At Ellen’s Age

Im Alter vom Ellen

Pia Marais

This absorbingly surreal tale of a mysteriously dislocated flight attendant who goes AWOL and joins a militant band of young animal rights activists is secured by a captivating performance by the ethereal Jeanne Balibar.

Attenberg

Athina Rachel Tsangari

A wonderfully original coming-of-age film from Greece as a late-blooming 20-something embarks on her first sexual relationship. “An imaginative curio… whose emotional power creeps up on you.” — Sight & Sound

The Autobiography of Nicolae Ceausescu

Autobiografia lui Nicolae Ceauşescu

Andrei Ujika

An ingenious found-footage film which audaciously documents the Romanian dictatorship of Nicolae Ceauşescu solely by repurposing his own official propaganda films. “Transfixing, illuminating and haunting.” — Time Out

Autumn Gold

Herbstgold

Jan Tenhaven

Five indomitable athletes aged 82 to 100 defy boundaries on the track and in life, overcoming obstacles with passion, determination and youthful vigour. This delightful film won Amsterdam Doc Festival’s youth jury award.

B

Beats, Rhymes & Life: The Travels of A Tribe Called Quest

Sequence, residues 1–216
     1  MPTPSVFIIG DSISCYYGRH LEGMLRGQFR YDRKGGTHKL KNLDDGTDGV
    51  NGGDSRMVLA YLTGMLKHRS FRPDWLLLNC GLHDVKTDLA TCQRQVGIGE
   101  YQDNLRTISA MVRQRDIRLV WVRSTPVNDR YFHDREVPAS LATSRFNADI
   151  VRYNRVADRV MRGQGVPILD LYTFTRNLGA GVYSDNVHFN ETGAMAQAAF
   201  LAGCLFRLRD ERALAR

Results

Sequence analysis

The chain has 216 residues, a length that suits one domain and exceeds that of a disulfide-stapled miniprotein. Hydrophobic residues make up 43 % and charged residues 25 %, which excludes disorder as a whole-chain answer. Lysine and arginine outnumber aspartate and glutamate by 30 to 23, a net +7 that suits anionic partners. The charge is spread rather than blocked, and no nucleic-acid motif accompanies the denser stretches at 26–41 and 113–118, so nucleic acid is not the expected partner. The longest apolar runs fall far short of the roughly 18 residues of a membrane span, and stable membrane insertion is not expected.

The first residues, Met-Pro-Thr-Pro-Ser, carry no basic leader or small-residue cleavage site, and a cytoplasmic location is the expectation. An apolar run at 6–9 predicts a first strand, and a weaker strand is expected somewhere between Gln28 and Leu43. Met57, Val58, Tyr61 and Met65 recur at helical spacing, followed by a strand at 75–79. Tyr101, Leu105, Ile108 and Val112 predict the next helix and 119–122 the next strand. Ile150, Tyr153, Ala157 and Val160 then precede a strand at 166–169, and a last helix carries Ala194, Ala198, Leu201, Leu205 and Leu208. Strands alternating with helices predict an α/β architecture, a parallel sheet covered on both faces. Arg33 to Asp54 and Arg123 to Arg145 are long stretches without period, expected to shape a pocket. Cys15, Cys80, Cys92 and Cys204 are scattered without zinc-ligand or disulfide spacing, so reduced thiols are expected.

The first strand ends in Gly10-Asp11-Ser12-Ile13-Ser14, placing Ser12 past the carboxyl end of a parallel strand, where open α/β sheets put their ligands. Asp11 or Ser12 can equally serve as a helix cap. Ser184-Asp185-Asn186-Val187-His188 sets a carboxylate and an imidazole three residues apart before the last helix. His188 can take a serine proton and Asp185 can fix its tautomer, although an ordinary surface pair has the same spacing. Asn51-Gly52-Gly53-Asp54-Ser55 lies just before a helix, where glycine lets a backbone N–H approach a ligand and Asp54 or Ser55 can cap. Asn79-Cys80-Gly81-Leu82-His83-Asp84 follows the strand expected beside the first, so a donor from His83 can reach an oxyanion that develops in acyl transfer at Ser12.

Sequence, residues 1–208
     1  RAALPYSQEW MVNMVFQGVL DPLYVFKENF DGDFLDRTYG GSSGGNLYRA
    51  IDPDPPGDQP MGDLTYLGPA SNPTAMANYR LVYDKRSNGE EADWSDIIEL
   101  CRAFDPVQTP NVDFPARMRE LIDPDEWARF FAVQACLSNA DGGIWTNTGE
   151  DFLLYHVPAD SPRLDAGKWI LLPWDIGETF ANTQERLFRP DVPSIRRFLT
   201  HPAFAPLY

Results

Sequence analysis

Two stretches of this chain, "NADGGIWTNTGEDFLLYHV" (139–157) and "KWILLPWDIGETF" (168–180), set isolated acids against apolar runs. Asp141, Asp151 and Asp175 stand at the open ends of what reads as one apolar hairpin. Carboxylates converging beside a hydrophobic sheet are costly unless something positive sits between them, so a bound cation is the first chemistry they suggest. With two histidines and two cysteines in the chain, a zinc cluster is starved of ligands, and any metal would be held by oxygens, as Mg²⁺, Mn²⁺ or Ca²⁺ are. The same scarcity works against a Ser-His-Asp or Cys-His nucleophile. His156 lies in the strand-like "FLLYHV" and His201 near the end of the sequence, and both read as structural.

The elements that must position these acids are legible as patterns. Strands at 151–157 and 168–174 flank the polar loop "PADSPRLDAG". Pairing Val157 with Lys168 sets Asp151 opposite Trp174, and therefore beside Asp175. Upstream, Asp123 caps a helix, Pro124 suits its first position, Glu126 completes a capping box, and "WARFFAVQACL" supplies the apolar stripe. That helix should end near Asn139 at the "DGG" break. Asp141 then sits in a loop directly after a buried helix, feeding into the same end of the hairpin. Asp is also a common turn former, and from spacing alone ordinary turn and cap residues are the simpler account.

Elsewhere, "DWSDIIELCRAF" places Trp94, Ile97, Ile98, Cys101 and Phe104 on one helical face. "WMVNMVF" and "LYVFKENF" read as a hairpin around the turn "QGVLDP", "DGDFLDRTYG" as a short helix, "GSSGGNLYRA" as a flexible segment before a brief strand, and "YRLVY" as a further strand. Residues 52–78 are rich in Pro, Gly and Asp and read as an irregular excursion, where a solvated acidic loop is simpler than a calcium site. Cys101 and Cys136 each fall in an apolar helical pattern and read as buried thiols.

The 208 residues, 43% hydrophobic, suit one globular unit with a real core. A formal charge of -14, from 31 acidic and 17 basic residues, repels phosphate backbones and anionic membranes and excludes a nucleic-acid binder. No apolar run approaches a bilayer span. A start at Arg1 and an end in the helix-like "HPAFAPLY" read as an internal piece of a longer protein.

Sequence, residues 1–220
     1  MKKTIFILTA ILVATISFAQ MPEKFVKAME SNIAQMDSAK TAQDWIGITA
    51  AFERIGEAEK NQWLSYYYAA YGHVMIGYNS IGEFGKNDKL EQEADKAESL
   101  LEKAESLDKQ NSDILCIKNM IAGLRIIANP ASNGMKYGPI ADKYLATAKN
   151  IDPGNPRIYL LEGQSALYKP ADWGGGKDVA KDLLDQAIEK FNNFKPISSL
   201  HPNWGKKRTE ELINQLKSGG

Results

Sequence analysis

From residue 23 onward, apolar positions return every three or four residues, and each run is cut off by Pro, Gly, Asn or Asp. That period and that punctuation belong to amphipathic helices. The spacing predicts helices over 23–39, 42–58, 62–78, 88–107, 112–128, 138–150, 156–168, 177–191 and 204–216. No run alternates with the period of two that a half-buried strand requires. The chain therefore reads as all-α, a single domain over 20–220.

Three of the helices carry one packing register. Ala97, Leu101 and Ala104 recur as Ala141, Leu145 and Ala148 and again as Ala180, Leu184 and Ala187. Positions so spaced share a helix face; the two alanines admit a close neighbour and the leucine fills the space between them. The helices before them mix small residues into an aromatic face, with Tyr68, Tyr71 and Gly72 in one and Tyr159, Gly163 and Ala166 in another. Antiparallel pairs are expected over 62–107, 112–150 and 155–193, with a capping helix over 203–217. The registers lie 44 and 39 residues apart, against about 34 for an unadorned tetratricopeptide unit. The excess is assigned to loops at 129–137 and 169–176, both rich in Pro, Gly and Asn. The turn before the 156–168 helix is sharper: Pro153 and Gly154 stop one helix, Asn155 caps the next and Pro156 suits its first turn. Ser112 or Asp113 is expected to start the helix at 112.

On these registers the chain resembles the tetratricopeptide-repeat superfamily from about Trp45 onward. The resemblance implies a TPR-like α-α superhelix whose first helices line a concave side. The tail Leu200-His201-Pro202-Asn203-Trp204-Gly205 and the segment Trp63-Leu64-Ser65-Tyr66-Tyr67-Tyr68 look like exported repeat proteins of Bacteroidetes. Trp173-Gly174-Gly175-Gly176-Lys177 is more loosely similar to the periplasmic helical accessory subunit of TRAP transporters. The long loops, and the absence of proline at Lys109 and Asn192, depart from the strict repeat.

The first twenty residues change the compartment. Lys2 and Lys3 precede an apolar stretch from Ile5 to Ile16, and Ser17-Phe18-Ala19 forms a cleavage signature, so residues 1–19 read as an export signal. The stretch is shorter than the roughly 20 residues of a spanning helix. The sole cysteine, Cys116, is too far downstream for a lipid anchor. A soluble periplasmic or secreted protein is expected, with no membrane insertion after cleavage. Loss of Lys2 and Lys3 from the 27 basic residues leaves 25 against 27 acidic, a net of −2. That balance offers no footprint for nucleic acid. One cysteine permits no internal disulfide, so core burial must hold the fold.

Michael Rapaport

“Poignant and powerful, complex and melancholy… Michael Rapaport’s riveting hip-hop documentary gets uncomfortably close to A Tribe Called Quest, one of the most important and influential groups of the past 25 years.” — AV Club

Beauty

Skoonheid

Oliver Hermanus

This ferocious, compact drama of repression by a young South African director electrified and divided audiences at Cannes. A tough, buttoned-down married Afrikaner develops a disturbed obsession with his friends’ handsome son.

Beginners

Mike Mills

Ewan McGregor, Mélanie Laurent and Christopher Plummer in a rich, romantic comedy of second chances. “A sad, sweet, funny and ultimately unforgettable love story about a man and a woman and a father and son.” — Salon.com

Being Elmo: A Puppeteer’s Journey

Constance Marks

Inspiring story of how shy boy Kevin Clash pursued his dream to become a puppeteer on Sesame Street. “A rare documentary that will connect across generations and cultures to delight viewers worldwide.” — Hollywood Reporter

Better This World

Katie Galloway, Kelly Duane de la Vega

This provocative documentary investigates the charges against two young activists arrested while protesting the 2008 GOP Convention. “Both a compelling news documentary and a stunning character study.” — Austin Chronicle